Above the Fray: Syria reasserts its centrality to peace

The country’s renewed influence in Lebanon makes peace talks even more critical.

Despite efforts to internationally isolate Syria, especially during the Bush era, it has reasserted itself as a central player in the Middle East. Following the assassination of Lebanese prime minister Rafik Hariri in 2005, the US withdrew its ambassador to Beirut, intensified sanctions against Damascus and sought to deepen Syria’s isolation from the international community. The recent array of high-level visitors to Damascus – including US officials – demonstrates that President Bashar Assad has weathered the storm of isolation and has emerged as an essential actor in resolving regional disputes, including the Israeli-Palestinian conflict. Israel should now respond favorably to Syria’s call for renewed peace talks, and in so doing utilize its influence to advance peace, rather than thwart it.
The remarks at the UN General Assembly by President Shimon Peres that the country is prepared to begin negotiations with Syria “right away,” and those by Foreign Minister Walid Muallem that “Syria is ready to resume negotiations,” are more than just political posturing.
They are signs that both sides recognize the benefits of achieving a genuine peace accord. The meeting between US Secretary of State Hillary Clinton and Muallem in New York – the highest-level meeting between the two countries since 2007 – indicates that the US recognizes Syria’s central role. But for progress to be made, the government led by Prime Minister Binyamin Netanyahu must now make a choice: Does it want peace with security or territory? Speaking with reporters in May 2009, Netanyahu said that he would never leave the Golan Heights, stating, “Remaining on the Golan will ensure Israel has a strategic advantage in cases of military conflict with Syria.”
The truth is that the continued occupation of the Golan will sooner or later instigate military conflict with Syria.
NETANYAHU MUST now realize that as Syria emerges from its international isolation and peacemaking efforts languish, Israel is becoming increasingly more isolated. The geopolitical benefits of a durable Israel-Syria peace are numerous, and the opportunity at this moment is ripe. Whether Netanyahu recognizes these benefits – and seizes the opportunity – will be a significant test of his leadership. Whether Syria’s peace overture is rhetorical or real, there is no better time to put Damascus to the test.
While some Israelis and Americans believe Syria should sever its relations with Iran to qualify for a place at the negotiating table, the opposite is actually true. Continued relations between Damascus and Teheran make the need to engage Syria even more critical. The relationship is one of geopolitical convenience, but it is not one that will easily be discarded.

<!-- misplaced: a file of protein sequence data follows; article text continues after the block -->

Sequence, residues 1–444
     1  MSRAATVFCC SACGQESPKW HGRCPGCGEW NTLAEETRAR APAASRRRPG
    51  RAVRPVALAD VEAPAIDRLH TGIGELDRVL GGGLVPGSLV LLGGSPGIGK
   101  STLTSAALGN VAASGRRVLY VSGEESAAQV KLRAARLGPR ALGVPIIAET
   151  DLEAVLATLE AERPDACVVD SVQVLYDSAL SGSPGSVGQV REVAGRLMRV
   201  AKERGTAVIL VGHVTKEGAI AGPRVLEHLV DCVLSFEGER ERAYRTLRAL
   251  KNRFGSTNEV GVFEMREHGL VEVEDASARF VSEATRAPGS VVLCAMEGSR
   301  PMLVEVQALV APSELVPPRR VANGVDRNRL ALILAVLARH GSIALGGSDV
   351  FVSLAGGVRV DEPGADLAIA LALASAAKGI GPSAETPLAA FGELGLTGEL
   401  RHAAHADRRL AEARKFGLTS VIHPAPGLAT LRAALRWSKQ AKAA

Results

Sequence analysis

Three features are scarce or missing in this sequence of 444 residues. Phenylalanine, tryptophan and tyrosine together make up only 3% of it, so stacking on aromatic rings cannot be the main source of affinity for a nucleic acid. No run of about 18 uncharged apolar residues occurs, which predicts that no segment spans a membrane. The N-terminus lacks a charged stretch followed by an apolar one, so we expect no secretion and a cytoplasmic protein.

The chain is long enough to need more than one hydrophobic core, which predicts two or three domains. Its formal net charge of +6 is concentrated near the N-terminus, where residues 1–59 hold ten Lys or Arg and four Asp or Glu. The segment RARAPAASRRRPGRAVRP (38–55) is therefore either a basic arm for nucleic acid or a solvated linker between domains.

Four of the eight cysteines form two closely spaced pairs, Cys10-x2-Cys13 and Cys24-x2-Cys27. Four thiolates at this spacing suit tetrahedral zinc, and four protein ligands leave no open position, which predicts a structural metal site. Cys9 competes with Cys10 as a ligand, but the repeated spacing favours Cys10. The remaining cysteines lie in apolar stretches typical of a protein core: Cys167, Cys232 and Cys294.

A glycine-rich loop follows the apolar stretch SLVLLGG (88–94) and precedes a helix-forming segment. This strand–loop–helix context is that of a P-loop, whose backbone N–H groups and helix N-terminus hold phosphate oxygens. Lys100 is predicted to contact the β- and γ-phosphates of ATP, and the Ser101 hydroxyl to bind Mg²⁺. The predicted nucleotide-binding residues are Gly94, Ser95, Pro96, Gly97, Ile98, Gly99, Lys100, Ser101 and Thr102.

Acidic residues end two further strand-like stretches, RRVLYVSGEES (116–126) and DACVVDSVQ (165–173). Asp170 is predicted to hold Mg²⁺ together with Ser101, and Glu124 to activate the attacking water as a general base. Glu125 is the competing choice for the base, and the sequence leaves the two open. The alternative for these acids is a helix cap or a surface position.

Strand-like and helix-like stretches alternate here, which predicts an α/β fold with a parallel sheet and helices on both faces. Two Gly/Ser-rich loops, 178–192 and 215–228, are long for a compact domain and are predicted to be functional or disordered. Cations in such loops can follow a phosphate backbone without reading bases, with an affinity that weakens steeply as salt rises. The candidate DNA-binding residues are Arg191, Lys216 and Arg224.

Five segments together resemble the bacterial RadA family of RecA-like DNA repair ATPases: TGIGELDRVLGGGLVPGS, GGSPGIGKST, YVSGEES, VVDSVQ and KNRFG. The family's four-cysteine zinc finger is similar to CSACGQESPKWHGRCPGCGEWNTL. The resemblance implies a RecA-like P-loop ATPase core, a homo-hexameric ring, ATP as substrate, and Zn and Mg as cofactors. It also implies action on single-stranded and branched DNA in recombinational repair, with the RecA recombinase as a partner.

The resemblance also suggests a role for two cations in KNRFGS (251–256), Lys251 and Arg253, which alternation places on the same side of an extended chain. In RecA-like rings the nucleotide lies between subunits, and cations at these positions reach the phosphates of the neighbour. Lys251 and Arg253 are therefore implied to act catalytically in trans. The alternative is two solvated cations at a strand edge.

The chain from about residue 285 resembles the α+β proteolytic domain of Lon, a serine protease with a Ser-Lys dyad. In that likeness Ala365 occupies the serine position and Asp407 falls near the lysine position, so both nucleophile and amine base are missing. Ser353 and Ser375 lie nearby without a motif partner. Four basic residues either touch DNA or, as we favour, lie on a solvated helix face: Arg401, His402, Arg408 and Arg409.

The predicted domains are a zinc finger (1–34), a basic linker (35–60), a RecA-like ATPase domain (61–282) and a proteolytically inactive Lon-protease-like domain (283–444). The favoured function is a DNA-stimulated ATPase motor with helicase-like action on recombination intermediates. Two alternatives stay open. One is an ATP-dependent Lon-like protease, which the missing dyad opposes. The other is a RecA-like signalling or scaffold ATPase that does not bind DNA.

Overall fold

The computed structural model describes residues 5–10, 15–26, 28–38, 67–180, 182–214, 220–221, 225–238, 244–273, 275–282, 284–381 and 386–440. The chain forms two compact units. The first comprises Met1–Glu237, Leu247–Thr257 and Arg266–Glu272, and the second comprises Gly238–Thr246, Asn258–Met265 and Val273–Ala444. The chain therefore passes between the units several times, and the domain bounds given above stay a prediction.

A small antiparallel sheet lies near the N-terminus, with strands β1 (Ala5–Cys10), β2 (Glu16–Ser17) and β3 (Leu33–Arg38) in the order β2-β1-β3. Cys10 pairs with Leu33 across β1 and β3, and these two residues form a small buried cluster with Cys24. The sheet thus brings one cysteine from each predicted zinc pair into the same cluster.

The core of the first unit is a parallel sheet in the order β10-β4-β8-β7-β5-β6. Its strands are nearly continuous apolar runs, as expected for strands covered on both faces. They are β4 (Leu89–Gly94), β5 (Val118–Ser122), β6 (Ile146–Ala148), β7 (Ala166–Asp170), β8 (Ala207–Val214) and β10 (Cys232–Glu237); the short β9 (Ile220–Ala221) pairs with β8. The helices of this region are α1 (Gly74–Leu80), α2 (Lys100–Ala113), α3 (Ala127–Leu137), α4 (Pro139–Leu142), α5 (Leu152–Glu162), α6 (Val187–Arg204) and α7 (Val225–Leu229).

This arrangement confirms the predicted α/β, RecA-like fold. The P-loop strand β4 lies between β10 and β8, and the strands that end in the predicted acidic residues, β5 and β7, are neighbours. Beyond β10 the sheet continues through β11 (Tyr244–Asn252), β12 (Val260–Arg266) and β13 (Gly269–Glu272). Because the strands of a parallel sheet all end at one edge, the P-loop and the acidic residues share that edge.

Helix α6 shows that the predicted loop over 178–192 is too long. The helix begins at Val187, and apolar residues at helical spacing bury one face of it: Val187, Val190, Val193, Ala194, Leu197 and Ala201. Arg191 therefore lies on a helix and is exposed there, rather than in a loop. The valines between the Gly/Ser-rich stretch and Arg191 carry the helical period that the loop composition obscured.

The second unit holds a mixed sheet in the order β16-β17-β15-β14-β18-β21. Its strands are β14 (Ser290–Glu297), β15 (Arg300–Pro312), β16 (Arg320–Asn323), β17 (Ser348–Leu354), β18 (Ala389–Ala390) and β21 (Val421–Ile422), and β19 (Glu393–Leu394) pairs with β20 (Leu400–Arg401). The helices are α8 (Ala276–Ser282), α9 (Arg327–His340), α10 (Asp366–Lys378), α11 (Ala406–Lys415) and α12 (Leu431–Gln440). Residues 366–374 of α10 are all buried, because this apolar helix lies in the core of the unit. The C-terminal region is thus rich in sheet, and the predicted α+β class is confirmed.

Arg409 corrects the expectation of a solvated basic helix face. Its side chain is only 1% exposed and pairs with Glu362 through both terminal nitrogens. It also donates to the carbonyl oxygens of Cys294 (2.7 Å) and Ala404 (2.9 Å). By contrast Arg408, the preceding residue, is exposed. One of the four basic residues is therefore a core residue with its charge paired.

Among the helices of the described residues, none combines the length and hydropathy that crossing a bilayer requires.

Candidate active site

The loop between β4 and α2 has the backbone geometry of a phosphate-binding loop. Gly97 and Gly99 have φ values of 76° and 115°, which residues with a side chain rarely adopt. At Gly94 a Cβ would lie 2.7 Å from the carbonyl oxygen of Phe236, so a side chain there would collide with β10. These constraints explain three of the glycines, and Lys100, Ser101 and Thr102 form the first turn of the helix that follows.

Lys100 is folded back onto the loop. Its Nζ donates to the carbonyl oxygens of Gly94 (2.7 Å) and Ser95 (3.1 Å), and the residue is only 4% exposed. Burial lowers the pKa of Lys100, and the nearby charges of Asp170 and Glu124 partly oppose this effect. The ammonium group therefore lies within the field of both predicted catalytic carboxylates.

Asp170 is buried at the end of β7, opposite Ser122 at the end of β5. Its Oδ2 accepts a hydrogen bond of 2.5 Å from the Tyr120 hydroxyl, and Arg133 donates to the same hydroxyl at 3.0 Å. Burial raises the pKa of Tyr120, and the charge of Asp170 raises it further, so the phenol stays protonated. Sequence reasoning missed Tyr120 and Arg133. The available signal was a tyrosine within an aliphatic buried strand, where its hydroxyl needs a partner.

The most glaring difference between the two countries is that while Iran is calling for Israel’s destruction, Syria is calling for peace. But its good relations with Iran could actually put it in a better position to help loosen Iran’s grip on Hizbullah and maintain stability throughout the region.
Assad’s comments after the raid on the Gazabound flotilla this summer – “If the relationship between Turkey and Israel is not renewed it will be very difficult for Turkey to play a role in negotiations,” and that this would “without a doubt affect the stability in the region” – indicate that he recognizes the importance of strategic regional ties with Israel because its reality is far more enduring than the current Iranian regime.
Indeed, Assad’s greatest interest is a strategic relationship with the US, and by beginning peace talks without preconditions, Syria’s strategic ties with Iran could be utilized and stability in the region immeasurably enhanced.
Syria’s renewed influence in Lebanon makes peace talks even more critical. The visit of King Abdullah of Saudi Arabia and Assad to Beirut in late July, and the statements last month by Lebanese Prime Minister Saad Hariri absolving Syria from responsibility for his father’s death underscore Syria’s renewed control over Lebanon. But while it has strengthened its position there, it has also become responsible for Hizbullah’s actions. Syria can no longer disavow responsibility should Hizbullah provoke Israel or commit any act that might undermine its national security interests. As such, Syria has a strategic interest in maintaining calm in the region.